On the anniversary of Russia’s invasion of Ukraine, the 193-member United Nations General Assembly is scheduled to vote on a motion asking for the unconditional withdrawal of Russian troops from Ukraine.
The vote will take place on February 23-24, one year after Putin’s army launched an all-out war against Ukraine and began a full-scale invasion.
UN Secretary-General António Guterres called Moscow’s actions an “attack on our collective conscience” in his opening remarks.
At the same time, the UN Secretary-General warned of a further escalation of the war, citing “indirect threats” of nuclear weapons use and “irresponsible” military interventions near nuclear power stations.
As Russia’s war in Ukraine continues, the United Nations General Assembly considered a resolution supported by Kyiv and its allies calling for a “just and lasting peace.”
In contrast to the UN Security Council, Russia does not have a veto at the UN General Assembly. Since Moscow invaded Ukraine in February, the assembly has passed several resolutions condemning the war that are not binding under international law.
In March of last year, 141 of the 193 UN member nations voted in favor of a resolution calling Russia to withdraw “immediately” from Ukraine. In April, the parliament voted by a considerably tighter margin of 93 votes to suspend Russia’s participation in the UN Human Rights Council in Geneva.
Russia’s “illegal annexation” of Ukraine’s Luhansk, Donetsk, Kherson, and Zaporizhia regions was criticized by 143 member nations in October.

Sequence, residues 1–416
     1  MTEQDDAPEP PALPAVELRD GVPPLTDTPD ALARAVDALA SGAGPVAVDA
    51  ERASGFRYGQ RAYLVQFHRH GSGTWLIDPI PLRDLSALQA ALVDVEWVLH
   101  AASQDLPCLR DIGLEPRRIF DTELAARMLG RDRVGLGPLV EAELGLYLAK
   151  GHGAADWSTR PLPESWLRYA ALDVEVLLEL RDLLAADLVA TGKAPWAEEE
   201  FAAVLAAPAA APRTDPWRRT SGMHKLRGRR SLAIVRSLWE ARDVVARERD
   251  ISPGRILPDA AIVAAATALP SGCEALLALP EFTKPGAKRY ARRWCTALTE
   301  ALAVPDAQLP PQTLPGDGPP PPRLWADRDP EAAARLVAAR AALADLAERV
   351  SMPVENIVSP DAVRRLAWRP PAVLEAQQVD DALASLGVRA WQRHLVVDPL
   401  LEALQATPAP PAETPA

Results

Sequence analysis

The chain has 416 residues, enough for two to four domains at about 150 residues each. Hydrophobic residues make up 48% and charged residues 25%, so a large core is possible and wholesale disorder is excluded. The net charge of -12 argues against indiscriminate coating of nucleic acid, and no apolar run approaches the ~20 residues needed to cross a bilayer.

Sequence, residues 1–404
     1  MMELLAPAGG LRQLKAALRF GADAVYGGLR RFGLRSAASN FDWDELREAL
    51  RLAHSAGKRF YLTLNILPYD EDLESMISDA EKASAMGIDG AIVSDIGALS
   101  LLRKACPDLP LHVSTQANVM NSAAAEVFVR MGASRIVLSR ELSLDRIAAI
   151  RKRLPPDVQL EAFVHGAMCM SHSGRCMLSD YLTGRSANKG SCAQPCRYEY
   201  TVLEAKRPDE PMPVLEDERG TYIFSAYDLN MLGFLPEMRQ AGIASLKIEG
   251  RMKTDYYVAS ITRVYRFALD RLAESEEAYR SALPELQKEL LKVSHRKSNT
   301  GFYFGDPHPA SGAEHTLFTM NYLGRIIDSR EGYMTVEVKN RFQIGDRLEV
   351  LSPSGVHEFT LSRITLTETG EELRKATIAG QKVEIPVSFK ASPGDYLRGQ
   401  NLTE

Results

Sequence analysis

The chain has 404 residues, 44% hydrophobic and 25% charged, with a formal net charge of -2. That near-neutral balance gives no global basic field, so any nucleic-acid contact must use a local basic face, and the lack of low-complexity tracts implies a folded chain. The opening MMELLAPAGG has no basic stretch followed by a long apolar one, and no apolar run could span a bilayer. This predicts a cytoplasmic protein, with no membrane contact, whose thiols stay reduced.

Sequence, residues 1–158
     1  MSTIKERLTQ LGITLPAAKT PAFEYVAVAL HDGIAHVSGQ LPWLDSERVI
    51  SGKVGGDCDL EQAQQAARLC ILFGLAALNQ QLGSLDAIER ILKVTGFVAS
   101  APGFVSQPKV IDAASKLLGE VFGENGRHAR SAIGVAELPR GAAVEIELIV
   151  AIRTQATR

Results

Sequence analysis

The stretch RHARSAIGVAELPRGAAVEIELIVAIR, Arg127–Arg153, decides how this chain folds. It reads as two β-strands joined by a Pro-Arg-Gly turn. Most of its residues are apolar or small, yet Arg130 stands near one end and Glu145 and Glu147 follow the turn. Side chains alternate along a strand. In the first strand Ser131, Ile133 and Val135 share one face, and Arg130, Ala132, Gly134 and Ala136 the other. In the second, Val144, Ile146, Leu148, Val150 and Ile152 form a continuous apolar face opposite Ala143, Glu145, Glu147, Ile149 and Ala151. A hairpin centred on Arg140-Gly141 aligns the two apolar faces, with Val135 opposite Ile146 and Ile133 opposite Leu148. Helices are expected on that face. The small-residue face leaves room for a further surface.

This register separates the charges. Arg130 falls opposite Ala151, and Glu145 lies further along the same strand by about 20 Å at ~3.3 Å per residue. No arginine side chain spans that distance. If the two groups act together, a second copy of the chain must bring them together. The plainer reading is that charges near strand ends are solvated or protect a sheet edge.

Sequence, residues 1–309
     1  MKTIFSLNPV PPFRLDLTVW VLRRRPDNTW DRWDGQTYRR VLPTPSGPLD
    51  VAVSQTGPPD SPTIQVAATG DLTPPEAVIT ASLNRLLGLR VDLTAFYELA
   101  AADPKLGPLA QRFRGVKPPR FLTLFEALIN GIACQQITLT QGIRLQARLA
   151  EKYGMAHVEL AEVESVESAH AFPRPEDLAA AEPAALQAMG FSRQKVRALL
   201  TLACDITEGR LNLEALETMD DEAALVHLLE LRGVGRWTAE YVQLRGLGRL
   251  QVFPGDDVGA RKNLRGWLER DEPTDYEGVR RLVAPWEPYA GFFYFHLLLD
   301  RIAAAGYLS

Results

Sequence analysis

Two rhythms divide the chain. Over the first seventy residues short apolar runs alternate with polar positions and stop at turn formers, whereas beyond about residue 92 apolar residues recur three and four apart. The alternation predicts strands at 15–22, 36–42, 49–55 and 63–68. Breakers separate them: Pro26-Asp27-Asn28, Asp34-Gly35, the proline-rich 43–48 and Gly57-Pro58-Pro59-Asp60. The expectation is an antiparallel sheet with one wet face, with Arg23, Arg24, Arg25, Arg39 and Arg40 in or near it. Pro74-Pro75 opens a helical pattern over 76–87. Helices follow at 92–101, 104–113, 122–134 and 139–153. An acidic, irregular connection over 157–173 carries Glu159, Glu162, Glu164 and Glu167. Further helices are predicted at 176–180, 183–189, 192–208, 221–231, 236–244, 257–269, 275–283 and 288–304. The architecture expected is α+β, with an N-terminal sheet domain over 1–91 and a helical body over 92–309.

Kyiv and the Western states are now seeking a significant majority of UN states to back the non-binding resolution to demonstrate the global community’s support. This is also why the phrasing in the draft is less sharp than Ukraine would have preferred.
Almost 60 countries have signed on to the resolution, emphasizing “the need to achieve, as quickly as possible, a comprehensive, just, and enduring peace in Ukraine in accordance with the principles of the United Nations Charter.”
The draft resolution underlines the UN’s “support to Ukraine’s sovereignty, independence, unity, and territorial integrity” and urges an immediate cease-fire.
It further asks that Russia “immediately, completely, and unconditionally withdraw all of its military forces from Ukrainian soil.”
“Never in history has the dividing line between good and evil been so clear: a country wants to survive. “The other wants to kill and destroy,” Ukraine’s Foreign Minister Dmytro Kuleba told the meeting.
During Wednesday’s debate, Russia’s UN envoy, Vasily Nebenzya, restated Moscow’s claim against the West, which was made a few days before by Putin.
“They are prepared to throw the entire globe into the depths of war,” Nebenzya stated, without mentioning Russia’s aggressive attack on Ukraine.
“This war on Ukraine is not a ‘European issue,” said the EU’s top diplomat, Josep Borrell. It is not about ‘the West versus Russia’. No, this illegal war concerns everyone: the North, the South, the East, and the West – the whole world.”
“If we do not condemn and stop Russia’s actions in Ukraine today, any other country, anywhere in the world, will face similar aggression,” Borrell told the assembly.
China, India, and over 30 other countries have previously abstained from UN votes favoring Ukraine. It’s expected that some of those states will finally back Ukraine and condemn the irrational Putin’s war.
While Russia’s war in Ukraine has brought the West together, it has also highlighted a fracture of the global order.
Almost 80 countries are due to address the assembly, which will vote on the draft resolution on Ukraine on Thursday or Friday.